The Invention of the Tibetan Alphabet (from the Pillar Testament)

Thereafter King Songtsen Gampo became a great ruler over Jambudvīpa. All kings from the far reaches of that realm offered yearly tribute gifts of wealth and foodstuffs. Apart from sending letters [in other scripts] saying “come bringing wealth, foodstuffs and the like,” there was no writing. So in order to create a Tibetan script, many intelligent men were sent to India. Some of those men were poisoned by quarrels and strife, others died after succumbing to the heat.So the king sent the brightest of his sixteen ministers, the insightful Tönmi Sambhoṭa, to study writing, having given him provisions and one measure of gold dust. Tönmi Sambhoṭa travelled to the south of India, where he met a scholar of letters, called Lijintika the Brahmin.

“Will you teach me writing?” said Tönmi said to the Brahmin, and offered half of the gold.

“I know twenty different writing systems,” the Brahmin replied, “Which one would you like to study, child of Tibet?”

So the Brahmin instructed the child of Tibet, using a pillar on the shore of a lake on which these twenty different scripts were carved very clearly. The child of Tibet said, “I have learned these scripts,” and formulated the system of the Tibetan script. In India the script has 50 letters. Tönmi discarded the gha group and the ṭa group, which do not appear in Tibetan speech. He subsumed the remaining Indian vowels and consonants [into Tibetan language]. Voicing them in his mind, he translated the 16 vowels into the naro, gigu and so on, and he translated the consonants into Tibetan speech.

That which is eka in the Indian language is gcig in Tibetan, and since he had difficulty [making the translation] Tönmi added the letter ca. Since he had difficulty translating dharma into chos, he added cha. Since he had difficulty translating the word loka into ‘jigs rten, he added ja. Since he had difficulty [translating] nāma into zhes, he added zha. Since he had difficulty distinguishing long and short [vowels] in the Tibetan language, he added ‘a. Thus there are six letters in the Tibetan alphabet that are not in the Indian.

The remaining sounds [in the Indian alphabet] remained the same in the Tibetan [alphabet]; these are used for the mantras in Tibetan script. Both the sounds and the words [of Indian mantras] can be represented in the written words of the Tibetan script.

These are the inerrent initial and final letters:

  • The five initial letters (‘phul yig): ga, da, ba, ma, ‘a.
  • The five final letters (rten yig): ga, nga, na, ma, ra, la, sa, da, ba, ‘a.

Tönmi found ca in the country of Chogro; he found za in the country of Zahor; he found zha in the country of Zhangzhung; he found ‘a in the country of Azha; cha and ja he thought up himself. Having added, through his insight, the affixed and subsidiary [letter forms], he transformed the 50 Indian letters into 30 Tibetan letters. It is said that there are six and a half letters not found in India. Since neither the initial nor final ‘a is found [in India], that half letter is said to be ‘a.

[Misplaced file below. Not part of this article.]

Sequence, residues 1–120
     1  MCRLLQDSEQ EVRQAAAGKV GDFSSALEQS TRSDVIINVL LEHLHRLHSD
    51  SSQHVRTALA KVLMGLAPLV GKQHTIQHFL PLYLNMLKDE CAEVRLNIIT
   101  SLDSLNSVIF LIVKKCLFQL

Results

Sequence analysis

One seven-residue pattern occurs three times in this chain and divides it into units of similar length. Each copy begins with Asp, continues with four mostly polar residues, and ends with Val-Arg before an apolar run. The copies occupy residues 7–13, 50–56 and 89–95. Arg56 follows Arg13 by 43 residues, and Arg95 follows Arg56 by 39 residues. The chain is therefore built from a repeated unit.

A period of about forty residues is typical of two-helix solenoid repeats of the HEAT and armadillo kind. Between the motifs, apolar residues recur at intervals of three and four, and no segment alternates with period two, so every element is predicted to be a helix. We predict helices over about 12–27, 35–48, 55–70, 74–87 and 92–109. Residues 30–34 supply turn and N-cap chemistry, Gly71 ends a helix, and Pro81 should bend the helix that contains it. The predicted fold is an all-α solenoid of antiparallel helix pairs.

Thus Tönmi Sambhoṭa became skilled in writing and language, and was the original Tibetan Lotsāwa and writing expert. He is said to have been an emanation of noble Mañjuśrī.

Thereafter, young Tönmi Sambhoṭa trained Lotsāwas and writing experts, and found the sublime dharma of the Mahāyāna, bringing the following to Tibet:

  1. The dhāraṇī sūtra of the six syllables, known as the Saddharma Cintamaṇi (Dam chos tsin dha ma ṇi)
  2. The Nānānadī sūtra (Chu klung sna tshogs rol pa’i mdo)
  3. The Mūlanadī sūtra (Chu klung ba tsha’i mdo)
  4. The Saddharmapundarika sūtra (Snying rje padma dkar po)

He offered the sublime dharma of the Mahāyāna to the king, who was very pleased. The king said: “There is this Secret Puissance (gnyan po gsang ba) of my ancestor Lhatotori Nyenshel; can you read it?” Lotsāwa Sambhoṭa read it, and worked on:

  1. The Glorious Pangkong Homages of Vimalamitra (Bhi ma la mu ta’i dpal spang skong phyag brgya pa)
  2. The Karandavyūha sūtra (Mdo za ma tog bkod pa)
  3. The Glorious Pangkong Homages of the Nāgās (Klu’i dpal spang skong phyag rgya pa)
  4. The Ten Virtues of Men (mi dge ba bcu)

They established the four legal texts which created the laws of the ten virtues. Then the king trained in the script, and did not emerge till four years had passed. The ministers said, “This king hasn’t appeared for four years! He’s an know-nothing idiot! The happiness of the Tibetan people is down to us, the ministers.”

The king overheard this, and thought, “If they call me an idiot, it will not be possible to control the people.” Thus he spoke: “You ministers and people, come and gather around me! When I didn’t move around from place to place but remained alone in the palace, you were happy. Yet you ministers are saying that this very happiness of the Tibetan people is down to the ministers and that the people are under the command of the ministers. It has become necessary for me to formulate the laws of the ten virtues.”

[At this point the text moves on to a discussion of the formulation of the original Tibetan laws.]

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Edition: Smon lam rgya mtsho (ed.). 1989. Bka’ chems ka khol ma. Lanzhou: Kan su’u mi rigs dpe skrun khang. pp.105–108.